Tag Archives: Hyperlocal

FAQ: Cheap readers and the future of local news

Every so often a journalism student sends me questions for an assignment. I publish the answers here in the FAQ series. The latest set comes from a student in Australia writing for Upstart magazine at La Trobe University, and focuses on the local press. 

1. Is the reader not worth as much on the internet?

Readers have always been worth different amounts in different contexts. It’s not that the reader is ‘not worth as much on the internet’, but that most readers on most websites are worth less. Continue reading

Free investigation training for independent journalists and publishers

CIJ logo

On August 17-18 the Centre for Investigative Journalism is organising some free training workshops for independent community based journalism outlets in Birmingham (and yes, I’ll be helping too).

They write:

Through investigative training; advice and guidance in journalistic practice; and support in building regional networks and sustainable business models we aim to revive local and community based reporting to address the democratic deficit left by a decades-long decline in budgets, staff and overall plurality across the UK local media industry.

The new programme hopes to help independent publishers improve their ability to gain access to information and investigate issues affecting their communities, and to share their findings in the public interest.

Some of the reasons behind the training include:

  • to encourage greater government and corporate accountability at a local level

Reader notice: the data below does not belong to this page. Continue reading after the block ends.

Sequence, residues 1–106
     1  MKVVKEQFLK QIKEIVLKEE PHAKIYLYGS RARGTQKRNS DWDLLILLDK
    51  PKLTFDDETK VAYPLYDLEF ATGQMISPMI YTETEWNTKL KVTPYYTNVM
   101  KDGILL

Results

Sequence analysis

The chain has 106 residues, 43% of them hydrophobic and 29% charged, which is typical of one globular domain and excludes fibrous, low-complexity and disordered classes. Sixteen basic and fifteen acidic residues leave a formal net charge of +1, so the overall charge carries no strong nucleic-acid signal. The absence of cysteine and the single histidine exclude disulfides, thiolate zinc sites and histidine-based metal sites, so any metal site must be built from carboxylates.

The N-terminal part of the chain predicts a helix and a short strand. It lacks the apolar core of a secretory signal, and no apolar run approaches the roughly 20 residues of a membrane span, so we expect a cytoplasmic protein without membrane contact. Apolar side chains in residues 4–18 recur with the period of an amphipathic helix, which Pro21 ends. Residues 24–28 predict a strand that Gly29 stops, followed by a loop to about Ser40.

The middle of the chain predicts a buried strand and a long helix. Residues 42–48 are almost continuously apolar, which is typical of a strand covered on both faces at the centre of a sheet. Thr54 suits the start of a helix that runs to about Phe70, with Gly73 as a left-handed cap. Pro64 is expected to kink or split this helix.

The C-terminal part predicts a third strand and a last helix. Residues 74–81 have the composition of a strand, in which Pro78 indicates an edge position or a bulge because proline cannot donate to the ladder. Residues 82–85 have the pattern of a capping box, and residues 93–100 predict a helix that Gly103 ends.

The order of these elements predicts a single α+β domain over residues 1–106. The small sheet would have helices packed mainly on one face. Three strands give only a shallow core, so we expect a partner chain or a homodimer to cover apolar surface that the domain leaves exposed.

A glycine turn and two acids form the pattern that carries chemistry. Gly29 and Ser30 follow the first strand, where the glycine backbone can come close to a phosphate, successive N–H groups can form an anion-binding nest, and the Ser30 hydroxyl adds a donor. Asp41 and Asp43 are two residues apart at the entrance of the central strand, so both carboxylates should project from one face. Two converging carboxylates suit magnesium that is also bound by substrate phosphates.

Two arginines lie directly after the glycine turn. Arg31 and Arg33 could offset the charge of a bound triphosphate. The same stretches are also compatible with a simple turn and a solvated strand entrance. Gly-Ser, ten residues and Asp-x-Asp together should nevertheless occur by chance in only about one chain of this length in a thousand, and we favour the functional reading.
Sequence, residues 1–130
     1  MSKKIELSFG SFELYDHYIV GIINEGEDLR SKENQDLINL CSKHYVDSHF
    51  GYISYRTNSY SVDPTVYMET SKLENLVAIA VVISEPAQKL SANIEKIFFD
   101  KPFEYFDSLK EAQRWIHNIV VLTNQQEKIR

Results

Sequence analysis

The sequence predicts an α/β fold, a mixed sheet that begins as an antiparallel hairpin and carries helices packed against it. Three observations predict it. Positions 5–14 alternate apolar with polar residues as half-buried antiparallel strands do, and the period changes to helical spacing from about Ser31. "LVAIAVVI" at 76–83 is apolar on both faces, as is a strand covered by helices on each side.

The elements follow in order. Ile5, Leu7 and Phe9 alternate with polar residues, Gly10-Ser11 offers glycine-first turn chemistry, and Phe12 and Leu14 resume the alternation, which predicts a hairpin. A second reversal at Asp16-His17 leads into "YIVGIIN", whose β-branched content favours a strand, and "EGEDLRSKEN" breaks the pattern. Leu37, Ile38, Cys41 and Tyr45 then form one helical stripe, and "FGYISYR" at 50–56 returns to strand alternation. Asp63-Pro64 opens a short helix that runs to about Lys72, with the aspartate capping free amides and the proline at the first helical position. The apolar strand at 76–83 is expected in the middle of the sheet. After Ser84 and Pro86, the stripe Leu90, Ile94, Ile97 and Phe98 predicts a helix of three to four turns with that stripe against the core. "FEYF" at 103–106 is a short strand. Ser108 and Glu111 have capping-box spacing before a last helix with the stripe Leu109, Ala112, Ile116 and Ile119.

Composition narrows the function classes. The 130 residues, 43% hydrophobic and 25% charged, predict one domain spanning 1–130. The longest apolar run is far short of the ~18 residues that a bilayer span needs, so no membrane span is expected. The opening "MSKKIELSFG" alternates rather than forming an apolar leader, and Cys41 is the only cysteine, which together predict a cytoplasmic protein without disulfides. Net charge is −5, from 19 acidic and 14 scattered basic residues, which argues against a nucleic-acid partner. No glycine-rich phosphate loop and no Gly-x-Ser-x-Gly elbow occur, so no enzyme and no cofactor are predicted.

• to support democratic scrutiny
  • and to reinforce civil society from the ground up

Birmingham isn’t the only region this will be happening, but it will be the first. If you are interested in being involved, please contact us at tom@tcij.org.

Due to the remit of this project CIJ are only able to provide training to journalists working with a specific community/regional focus on a part-time or voluntary basis. The project has been funded by the Joseph Rowntree Charitable Trust

A simple hyperlocal experiment which shows how publishers can engage with different audiences

liveblog engagement

Civic engagement? Most readers spent more than 30 minutes on the liveblog

On Monday I was involved in a fascinating experiment in civic engagement: 10 hyperlocal blogs all agreed to embed a liveblog of a hustings which would give inhabitants of the largest local authority in Europe an insight into the next council leader.

The liveblog itself was to be maintained by student contributors to the Birmingham Eastside news site. The decision to offer it out to hyperlocal sites across the city seemed obvious – so why aren’t publishers doing this regularly? Continue reading

Do hyperlocal and student websites fall foul of the new press regulator and libel laws?

leveson regulation guidance

The DCMS pubished this image to clarify the definition of “a relevant published” under proposals published in early 2013.

Nick Booth left a Press Recognition Panel consultation under the impression that non profit hyperlocals were going to be exposed by the new regulation system. Then legal experts suggested he’d got it wrong. So which is it? In a special post cross-published from Podnosh, Nick tries to tease out a complex law and ask: ‘when someone sues now, who pays?’.